I don’t think there is a way of truly resolving the Kantian conflict unless our patients accept that it is not possible to always see the most qualified person in the institution. But the deal must be reciprocated by trainees – they must ensure that every single clinical interaction is approached not from the point of view of ‘polishing their resume’ (as the Dallas News article put it), but from the point of view of the patient. The trainee may well be on the cusp, there may be a theoretically increased risk, but if the skills are embedded, if the trainers have given their blessing, if they feel ready on that particular day or night…no more can be asked.

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The needle and the damage done: circumspection


Scrolling through my timeline on Twitter the other day, I saw that a junior doctor had suffered a ‘blood splash’, presumably in the face. This is when a patient’s blood is sprayed or flicked into your mouth or eyes…carrying with it the risk of infection from a blood borne virus such as hepatitis C or HIV (medical staff are immunised to hepatitis B). It made me think back on a similar experience as a junior doctor…a needle stick injury from a patient infected with hepatitis C. I’ll describe what happened in a minute, not because I enjoy telling unpleasant personal stories, but because I think the impact that these ‘avoidable but let’s face it they’re going to happen now again’ accidents have on doctors and nurses should be understood and emphasised. When I looked into the subject I discovered that research had been published on the subject this year, the results of which I will go on to summarise. It seems that the psychological impact of these accidents can be very grave indeed.


As soon as I felt the deep sting of the needle as it entered my finger I knew what it meant – potential disaster. I was cutting a space between the ribs of a patient on intensive care, making room for the insertion of a large chest drain. The tissues were tough, and I had to tear at the fibres with my fingers deep under the skin. But the patient was not sedated, and she was feeling it despite the local anaesthetic injection I had administered beforehand. So I did something stupid. I kept one finger in the cut, so as not to lose the track I had struggled to form, and with my other hand I carefully inserted the anaesthetic needle alongside it. In this way I hoped to numb the deeper tissues. I jabbed my own fingertip – ouch…a shock, but not really painful. It was the knowledge that hepatitis C viruses in my patient’s blood could now be running up the veins of my arm and into my bloodstream that caused me to freeze in fear. I withdrew my finger, looked down at my hand, tore off the glove, and squeezed the fingertip until droplets came out. The nurse who had been helping me recognised what had happened, but had nothing to say. I walked over to a sink, washed the blood off, wrapped a waterproof dressing around the tiny wound and went back to the patient. She still needed a chest drain after all. Soon the job was done, and the rest of the nightshift passed without incident. But throughout the small hours I could think only of myself: were there any viruses in the needle? How many would it take to cause a permanent infection? Would I need anti-viral treatment, would it work, could I continue to be a doctor while receiving the famously toxic combination of interferon and ribavirin? Might it fail, would I develop cirrhosis, would I end up in this very hospital, waiting for a transplant? Oh God.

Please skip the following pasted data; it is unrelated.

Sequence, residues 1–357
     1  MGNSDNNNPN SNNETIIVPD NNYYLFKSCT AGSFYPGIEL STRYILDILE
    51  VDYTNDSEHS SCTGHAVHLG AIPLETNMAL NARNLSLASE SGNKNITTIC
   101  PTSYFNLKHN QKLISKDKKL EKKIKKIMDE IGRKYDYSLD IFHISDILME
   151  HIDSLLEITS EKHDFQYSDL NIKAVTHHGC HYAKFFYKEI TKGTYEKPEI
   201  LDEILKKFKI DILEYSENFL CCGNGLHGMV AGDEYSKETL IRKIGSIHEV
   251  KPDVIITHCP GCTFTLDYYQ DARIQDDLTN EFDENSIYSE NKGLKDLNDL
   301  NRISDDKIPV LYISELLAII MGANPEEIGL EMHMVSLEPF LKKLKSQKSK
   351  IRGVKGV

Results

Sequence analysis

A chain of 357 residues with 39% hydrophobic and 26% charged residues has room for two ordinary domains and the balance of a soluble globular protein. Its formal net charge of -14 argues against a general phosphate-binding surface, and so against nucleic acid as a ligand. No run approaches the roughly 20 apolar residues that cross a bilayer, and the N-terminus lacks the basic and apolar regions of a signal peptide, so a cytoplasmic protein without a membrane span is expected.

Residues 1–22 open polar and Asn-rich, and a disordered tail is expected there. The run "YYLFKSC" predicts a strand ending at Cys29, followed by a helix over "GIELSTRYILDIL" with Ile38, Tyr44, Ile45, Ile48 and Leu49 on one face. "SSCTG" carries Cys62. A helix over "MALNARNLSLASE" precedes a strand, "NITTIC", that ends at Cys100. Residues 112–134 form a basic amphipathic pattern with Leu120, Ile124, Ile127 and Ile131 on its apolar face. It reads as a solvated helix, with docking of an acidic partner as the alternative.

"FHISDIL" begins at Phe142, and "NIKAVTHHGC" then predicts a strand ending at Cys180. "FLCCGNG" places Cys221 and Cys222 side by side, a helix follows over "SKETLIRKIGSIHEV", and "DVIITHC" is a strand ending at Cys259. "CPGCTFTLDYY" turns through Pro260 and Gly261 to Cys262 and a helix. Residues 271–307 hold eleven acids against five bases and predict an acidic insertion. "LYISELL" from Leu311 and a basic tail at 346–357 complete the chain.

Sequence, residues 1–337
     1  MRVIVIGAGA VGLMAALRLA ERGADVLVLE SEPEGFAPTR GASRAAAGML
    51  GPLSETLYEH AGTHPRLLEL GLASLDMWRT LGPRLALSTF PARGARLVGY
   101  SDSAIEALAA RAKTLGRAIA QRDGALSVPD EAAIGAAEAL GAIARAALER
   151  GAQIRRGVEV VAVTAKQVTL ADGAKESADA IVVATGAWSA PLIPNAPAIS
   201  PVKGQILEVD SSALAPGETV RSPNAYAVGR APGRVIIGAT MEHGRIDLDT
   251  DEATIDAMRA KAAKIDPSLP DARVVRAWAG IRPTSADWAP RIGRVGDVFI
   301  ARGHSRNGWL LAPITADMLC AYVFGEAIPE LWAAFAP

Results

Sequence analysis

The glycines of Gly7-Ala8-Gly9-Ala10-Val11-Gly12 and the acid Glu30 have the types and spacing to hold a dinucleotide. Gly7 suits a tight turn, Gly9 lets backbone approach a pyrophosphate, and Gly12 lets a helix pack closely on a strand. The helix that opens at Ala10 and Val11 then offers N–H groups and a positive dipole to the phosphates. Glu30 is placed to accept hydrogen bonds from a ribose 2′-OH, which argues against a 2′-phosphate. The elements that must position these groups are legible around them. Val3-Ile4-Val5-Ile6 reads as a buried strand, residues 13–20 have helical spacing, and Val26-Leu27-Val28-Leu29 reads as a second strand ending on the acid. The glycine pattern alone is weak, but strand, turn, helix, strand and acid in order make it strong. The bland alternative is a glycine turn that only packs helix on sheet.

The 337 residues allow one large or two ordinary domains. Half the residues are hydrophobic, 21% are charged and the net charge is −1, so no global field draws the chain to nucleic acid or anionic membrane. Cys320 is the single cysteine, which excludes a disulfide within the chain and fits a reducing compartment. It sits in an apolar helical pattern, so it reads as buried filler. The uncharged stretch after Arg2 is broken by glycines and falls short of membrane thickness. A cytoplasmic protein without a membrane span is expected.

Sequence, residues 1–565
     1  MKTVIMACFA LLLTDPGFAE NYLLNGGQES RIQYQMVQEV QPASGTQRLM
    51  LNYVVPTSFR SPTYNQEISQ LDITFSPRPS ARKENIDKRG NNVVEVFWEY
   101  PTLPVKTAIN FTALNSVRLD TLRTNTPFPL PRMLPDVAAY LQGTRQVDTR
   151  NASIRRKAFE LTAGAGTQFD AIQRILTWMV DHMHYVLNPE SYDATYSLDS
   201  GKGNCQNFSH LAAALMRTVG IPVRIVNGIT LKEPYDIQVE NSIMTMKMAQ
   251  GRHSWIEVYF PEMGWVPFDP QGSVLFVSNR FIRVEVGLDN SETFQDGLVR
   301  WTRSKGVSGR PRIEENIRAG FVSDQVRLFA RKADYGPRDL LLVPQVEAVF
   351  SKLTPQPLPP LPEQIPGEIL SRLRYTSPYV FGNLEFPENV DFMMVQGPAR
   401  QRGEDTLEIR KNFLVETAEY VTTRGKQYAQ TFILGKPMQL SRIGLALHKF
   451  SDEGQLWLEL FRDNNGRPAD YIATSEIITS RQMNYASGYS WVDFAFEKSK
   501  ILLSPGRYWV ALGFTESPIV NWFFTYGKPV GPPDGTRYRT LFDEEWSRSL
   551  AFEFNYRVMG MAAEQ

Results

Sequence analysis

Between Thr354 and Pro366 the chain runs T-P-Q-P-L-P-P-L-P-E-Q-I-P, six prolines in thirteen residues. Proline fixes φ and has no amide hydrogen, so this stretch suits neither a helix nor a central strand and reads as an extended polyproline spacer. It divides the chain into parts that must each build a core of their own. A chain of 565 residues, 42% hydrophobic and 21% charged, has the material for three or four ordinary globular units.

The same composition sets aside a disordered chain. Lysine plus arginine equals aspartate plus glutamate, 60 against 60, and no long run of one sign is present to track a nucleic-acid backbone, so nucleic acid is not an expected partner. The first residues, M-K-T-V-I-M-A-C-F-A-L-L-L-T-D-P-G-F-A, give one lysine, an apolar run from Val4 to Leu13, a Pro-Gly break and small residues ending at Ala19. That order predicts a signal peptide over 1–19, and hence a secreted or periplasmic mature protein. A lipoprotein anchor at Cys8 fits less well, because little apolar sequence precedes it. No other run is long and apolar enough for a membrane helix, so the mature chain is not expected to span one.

I was distracted by anxiety for weeks, not to a disabling degree…not so as anyone would notice. At six weeks I had a blood test to see if there were detectable levels of virus in me. A week later I attended the occupational health department to get the result. The nurse had not read a Hep C result before, it seemed to me. She looked quizzically at the small piece of paper in front of her, and tilted her head slightly.

‘Err…you have…err…Hepatitis C.’

I nearly fainted. I looked at the report closely, upside-down, and lunged forward,

‘Let me see that!’

I turned the report round and saw that she had misread a < for a >. I had < 50 virus particles per millilitreof blood, not > 50! I was negative! She accepted my interpretation, and was embarrassed. I left the room and walked back to my ward. My skin was cold and wet. I felt fifteen years older.

There were antibody tests at three and six months, and they were negative too. I was not infected. In fact, looking back, knowing more now about the absolute risks, and the cleaning action that plastic gloves perform as a needle passes through them, it was never very likely. But the experience changed me.


Professor Ben Green and Emily Griffiths (University of Chester) recently published a paper called ‘Psychiatric consequences of needle stick injury‘ in Occupational Medicine. They administered a depression questionnaire to 17 needle stick injury (NSI) recipients who had been badly affected enough to be referred to a psychiatric clinic. None were actually infected. They compared these results with 125 non-NSI recipients who had been referred for other forms of psychological trauma. The authors hypothesised that NSI caused shorter or less intense periods of psychological morbidity. Their findings included a description that I recognised immediately,

Four of the cases (24%) described an initial period of up to 2 days of acute anxiety, disbelief, tremor and profound sleeplessness consistent with an acute stress reaction.’

Within the (admittedly highly selected) group of 17,

‘Thirteen (76%)…had a diagnosis of adjustment disorder (AD). Four (24%) met the guidelines for post traumatic stress disorder according to ICD-10 diagnoses.’